Garfield & Arthur via Jones Park

Garfield & Arthur via Jones Park

Page Type Page Type: Route
Location Lat/Lon: 38.80950°N / 104.9418°W
Additional Information Route Type: Hiking
Seasons Season: Spring, Summer, Fall, Winter
Additional Information Time Required: Most of a day
Sign the Climber's Log


Stove Mountain from #667Stove Mountain from #667

This route leverages existing Forest Service trails and social trails to take in two high Teners very close to the comforts of Colorado Springs. It includes a mix of steep social trails, undulating maintained trails and steep bushwacking up mountain slopes. Hikers on this route will take in a treasure-trove of local Colorado Springs scenery and even be treated to some historical highlights on the way including cabin ruins and mining tunnels.

Getting There

Looking southwest from the trailLooking southwest from the trail
UN 8130 and sunsetUN 8130 and sunset

• From I-25 in Colorado Springs, take US Highway 24 (Cimarron Street) west to 21st Street.
• Head south on 21st Street, which turns into Cresta Road, for roughly 3 miles.
• Turn right on Cheyenne Boulevard.
• At the fork, follow the road to the right onto North Cheyenne Canyon Road.
• Follow North Cheyenne Canyon Road west as it ascends the canyon toward Helen Hunt falls.
• Continue past Helen Hunt falls up the switchbacks to the end of the pavement.
• Park in the large gravel parking area on your left.
Cameron Cone from Mount GarfieldCameron Cone from Mount Garfield

Route Description: Approach

Chimney of Loud s CabinChimney of Loud's Cabin
Mining adit along trailMining adit along trail

From the large gravel parking lot, pick up the social trail up the gully heading north. This social trail begins not far past the barricade / gate at the western edge of the parking lot.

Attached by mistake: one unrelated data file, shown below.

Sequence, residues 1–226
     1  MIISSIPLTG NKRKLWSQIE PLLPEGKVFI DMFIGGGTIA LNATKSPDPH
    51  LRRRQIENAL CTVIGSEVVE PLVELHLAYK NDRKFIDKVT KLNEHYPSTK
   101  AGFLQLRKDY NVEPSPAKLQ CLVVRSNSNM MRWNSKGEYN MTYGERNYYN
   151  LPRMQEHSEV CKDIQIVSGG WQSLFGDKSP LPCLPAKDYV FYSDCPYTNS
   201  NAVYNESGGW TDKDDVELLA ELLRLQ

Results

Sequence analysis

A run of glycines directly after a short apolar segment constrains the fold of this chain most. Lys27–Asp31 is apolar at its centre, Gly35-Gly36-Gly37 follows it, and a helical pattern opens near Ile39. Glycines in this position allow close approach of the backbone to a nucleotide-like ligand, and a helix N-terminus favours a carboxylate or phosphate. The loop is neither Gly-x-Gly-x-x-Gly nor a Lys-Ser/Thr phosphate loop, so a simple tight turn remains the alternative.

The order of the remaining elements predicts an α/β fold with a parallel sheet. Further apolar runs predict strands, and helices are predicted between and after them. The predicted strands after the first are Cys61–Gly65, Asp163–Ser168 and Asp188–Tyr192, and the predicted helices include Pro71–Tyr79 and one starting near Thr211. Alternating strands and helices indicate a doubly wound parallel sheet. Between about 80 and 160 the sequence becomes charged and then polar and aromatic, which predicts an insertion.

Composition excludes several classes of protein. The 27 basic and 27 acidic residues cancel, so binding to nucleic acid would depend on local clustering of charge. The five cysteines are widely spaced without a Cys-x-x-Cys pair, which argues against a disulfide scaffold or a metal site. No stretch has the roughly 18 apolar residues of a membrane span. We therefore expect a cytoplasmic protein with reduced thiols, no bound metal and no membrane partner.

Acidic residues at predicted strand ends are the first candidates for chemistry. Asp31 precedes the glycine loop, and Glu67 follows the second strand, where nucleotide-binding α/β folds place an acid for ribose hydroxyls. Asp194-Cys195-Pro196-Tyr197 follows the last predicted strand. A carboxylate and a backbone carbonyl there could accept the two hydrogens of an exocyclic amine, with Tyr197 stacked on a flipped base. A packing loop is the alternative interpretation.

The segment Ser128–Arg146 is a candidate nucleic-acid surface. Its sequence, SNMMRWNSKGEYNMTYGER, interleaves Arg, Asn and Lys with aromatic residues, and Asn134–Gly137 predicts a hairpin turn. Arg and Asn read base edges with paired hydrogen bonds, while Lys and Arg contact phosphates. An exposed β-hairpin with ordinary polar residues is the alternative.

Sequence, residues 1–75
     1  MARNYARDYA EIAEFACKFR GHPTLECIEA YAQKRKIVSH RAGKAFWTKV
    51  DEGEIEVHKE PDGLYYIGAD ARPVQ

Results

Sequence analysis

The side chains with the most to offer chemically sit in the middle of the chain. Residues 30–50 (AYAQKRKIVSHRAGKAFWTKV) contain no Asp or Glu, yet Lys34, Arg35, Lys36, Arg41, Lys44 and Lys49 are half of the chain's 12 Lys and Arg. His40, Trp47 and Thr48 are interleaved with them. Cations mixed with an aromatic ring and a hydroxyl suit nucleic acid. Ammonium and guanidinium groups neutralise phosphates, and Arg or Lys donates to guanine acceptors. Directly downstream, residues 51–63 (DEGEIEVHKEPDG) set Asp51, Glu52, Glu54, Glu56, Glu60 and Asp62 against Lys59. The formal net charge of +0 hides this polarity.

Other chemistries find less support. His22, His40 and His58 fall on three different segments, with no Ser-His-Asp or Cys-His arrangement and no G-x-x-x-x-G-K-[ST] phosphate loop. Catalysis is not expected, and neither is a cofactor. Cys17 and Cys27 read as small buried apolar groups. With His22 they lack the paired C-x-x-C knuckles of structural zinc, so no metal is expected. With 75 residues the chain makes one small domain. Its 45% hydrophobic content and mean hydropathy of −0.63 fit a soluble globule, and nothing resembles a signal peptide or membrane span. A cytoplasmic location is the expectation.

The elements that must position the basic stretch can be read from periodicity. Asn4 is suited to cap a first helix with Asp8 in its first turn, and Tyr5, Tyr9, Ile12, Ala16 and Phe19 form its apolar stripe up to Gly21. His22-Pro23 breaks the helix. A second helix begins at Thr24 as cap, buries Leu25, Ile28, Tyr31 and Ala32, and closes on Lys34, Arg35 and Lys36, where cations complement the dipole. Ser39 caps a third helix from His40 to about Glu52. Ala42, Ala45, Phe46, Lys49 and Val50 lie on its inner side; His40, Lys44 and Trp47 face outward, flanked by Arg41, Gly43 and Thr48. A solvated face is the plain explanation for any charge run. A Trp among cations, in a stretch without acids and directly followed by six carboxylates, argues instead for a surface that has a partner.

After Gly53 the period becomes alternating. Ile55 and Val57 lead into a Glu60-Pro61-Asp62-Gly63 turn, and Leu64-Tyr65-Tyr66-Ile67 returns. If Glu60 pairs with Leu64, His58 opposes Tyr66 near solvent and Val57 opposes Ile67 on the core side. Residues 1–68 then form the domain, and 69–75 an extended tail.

• Head steeply north up the drainage on this rustic trail for approximately one half mile.
• The social trail will intersect near the top of a ridge with Trail #667 (Jones Park Trail).
• Follow #667 for about one mile along a ridge, then dropping into Bear Canyon.
• Cross Bear Creek and head west on #667 toward Jones Park.
• Continue past the intersection with #662A* for about another half mile through Jones Park.
• Keep a sharp eye out for a social trail heading north into the drainage containing Loud’s Cabin.
• Follow this surprisingly solid social trail for a bit more than a mile, passing Loud’s Cabin and a waterfall, to the saddle between Mount Garfield and Mount Arthur.
Loud s Cabin settingLoud's Cabin setting
Very icy trail #667Very icy trail #667

The route gets a little sketchy at times, especially as it by-passes the waterfall in slippery Pikes Peak granite. Just keep an eye out for an existing footpath and an occasional cairn. The cairns increase in frequency as you approach the saddle.

*Per SP user cftbq, this trail is also signed as 668.

Route Map

Route Description: From the Saddle

Looking down the social trailLooking down the social trail
Icy waterfall in gullyIcy waterfall in gully

Mount Garfield: Ascend Mount Garfield via its steep, heavily timbered eastern slope. About 300+ feet of vertical gain in a quarter mile is required to reach the summit, which is marked by an iron rod and an old metal summit register. Enjoy fantastic views from a bare outcrop on the northern end of the summit area.

Mount ArthurFrom the saddle, a short and rocky quarter mile and 225 or so feet of elevation gain stand between you and the summit of Mount Arthur. Ascend the rocky western slope of Mount Arthur. Many outcrops may look like the summit, but don’t be fooled. The highpoint is marked by an old snag that has been carved with names of summitters and a glass jar for a register. Naturally, the highpoint of Mount Arthur is the point furthest away from the saddle with Mount Garfield.
Mount Arthur summit registerMount Arthur summit register
Mount Garfield summit registerMount Garfield summit register

Essential Gear

North-northwest from the trailNorth-northwest from the trail
Sunset on a lovely daySunset on a lovely day

• Trail map (Trails Illustrated #137 (Pikes Peak, Cañon City) would meet most needs)
• Compass
• Sturdy hiking boots
• Snowshoes or skis after a heavy snowfall
• Water and snacks
• A camera to save memories of the high country views
• First aid kit
• Other standard backcountry essentials



Parents refers to a larger category under which an object falls. For example, theAconcagua mountain page has the 'Aconcagua Group' and the 'Seven Summits' asparents and is a parent itself to many routes, photos, and Trip Reports.